Israel’s Lapid rejects pressure to change army open fire rules
Israel’s Prime Minister Yair Lapid on Wednesday said he would not punish Israeli soldiers who defend themselves “just so that we will receive applause abroad,” in an apparent response to international pressure to change his military’s rules of engagement.
The day prior, the US State Department said Washington would press the Jewish state to reconsider its military rules of engagement following Israel’s probe into the May killing of Palestinian journalist Shireen Abu Akleh, which said she was likely mistakenly shot by an Israeli soldier.
“I hear the demands to prosecute [Israeli] soldiers following the death of Shireen Abu Akleh. I hear the claims to change the opening instructions in our fire,” Lapid said in a speech at a graduation ceremony for naval officers at the naval base in Haifa, northern Israel.
“I will not let them prosecute an [Israeli soldier] who defended his life from the shooting of terrorists just so that we will receive applause abroad,” he continued.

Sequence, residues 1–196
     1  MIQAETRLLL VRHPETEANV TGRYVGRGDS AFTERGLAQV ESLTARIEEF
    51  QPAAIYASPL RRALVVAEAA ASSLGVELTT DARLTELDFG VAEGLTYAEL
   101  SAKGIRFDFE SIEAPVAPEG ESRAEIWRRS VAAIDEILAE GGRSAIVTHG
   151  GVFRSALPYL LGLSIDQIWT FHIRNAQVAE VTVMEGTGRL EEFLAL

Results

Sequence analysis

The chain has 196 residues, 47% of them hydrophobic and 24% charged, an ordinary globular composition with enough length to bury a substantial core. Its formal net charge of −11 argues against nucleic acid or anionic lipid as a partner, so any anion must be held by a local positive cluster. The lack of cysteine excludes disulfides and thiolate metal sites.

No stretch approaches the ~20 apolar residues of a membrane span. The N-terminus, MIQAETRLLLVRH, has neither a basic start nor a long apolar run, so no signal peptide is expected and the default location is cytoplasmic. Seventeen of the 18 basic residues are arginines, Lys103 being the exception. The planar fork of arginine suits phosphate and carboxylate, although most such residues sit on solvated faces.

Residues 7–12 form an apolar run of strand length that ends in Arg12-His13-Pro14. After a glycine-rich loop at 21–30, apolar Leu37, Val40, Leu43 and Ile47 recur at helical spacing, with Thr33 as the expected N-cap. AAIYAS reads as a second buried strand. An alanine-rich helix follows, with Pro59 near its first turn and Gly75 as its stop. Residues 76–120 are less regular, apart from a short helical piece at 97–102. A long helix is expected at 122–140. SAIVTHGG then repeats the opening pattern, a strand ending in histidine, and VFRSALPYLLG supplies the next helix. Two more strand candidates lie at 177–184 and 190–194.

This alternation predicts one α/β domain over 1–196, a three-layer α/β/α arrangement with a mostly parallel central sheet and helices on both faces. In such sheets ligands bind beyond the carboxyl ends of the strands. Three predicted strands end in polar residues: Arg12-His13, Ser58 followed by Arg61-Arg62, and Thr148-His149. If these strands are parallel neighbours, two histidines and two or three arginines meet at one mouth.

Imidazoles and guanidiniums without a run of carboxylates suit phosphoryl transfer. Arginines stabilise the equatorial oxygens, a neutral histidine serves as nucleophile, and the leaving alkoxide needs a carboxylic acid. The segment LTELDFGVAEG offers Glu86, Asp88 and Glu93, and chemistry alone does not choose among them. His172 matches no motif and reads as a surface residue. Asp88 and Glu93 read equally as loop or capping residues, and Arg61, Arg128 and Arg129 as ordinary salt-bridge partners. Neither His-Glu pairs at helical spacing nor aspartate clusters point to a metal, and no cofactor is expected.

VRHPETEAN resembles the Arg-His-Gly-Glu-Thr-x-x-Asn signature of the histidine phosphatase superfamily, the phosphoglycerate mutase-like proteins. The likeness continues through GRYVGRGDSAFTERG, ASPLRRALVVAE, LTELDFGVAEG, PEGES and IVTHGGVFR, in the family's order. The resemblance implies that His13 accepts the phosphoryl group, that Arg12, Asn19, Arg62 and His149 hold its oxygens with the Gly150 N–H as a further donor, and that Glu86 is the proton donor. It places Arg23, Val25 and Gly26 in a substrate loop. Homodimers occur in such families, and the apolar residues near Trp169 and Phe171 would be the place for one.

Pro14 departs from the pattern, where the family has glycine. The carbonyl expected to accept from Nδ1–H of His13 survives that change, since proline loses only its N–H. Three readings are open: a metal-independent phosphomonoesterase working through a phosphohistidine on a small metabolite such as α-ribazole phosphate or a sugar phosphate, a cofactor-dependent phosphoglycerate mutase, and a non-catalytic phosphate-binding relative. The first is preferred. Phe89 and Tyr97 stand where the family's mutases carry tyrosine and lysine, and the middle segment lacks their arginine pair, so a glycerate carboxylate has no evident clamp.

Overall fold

“No one will give us instructions to open fire when we are fighting for our lives. Our fighters have the full backing of the Israeli government and the people of Israel.”
Israel released its report on Abu Akleh’s killing on Monday, saying the Al Jazeera journalist was not deliberately targeted while covering an Israeli raid into the West Bank city of Jenin conducted as part of Operation “Break the Wave.”
“Starting today, it’s your job to protect us, but it’s also the state’s job to protect you,” Lapid told Israeli soldiers and officers present at the ceremony.
“Israel expressed sorrow over the death of the journalist. This is a tragedy that happened in the middle of an incident in which heavy fire was fired by terrorists. The [Israeli army] never deliberately shoots at innocent people,” the Israeli premier urged.
“We are committed to the freedom of the press and to the strictest opening fire rules in the world.”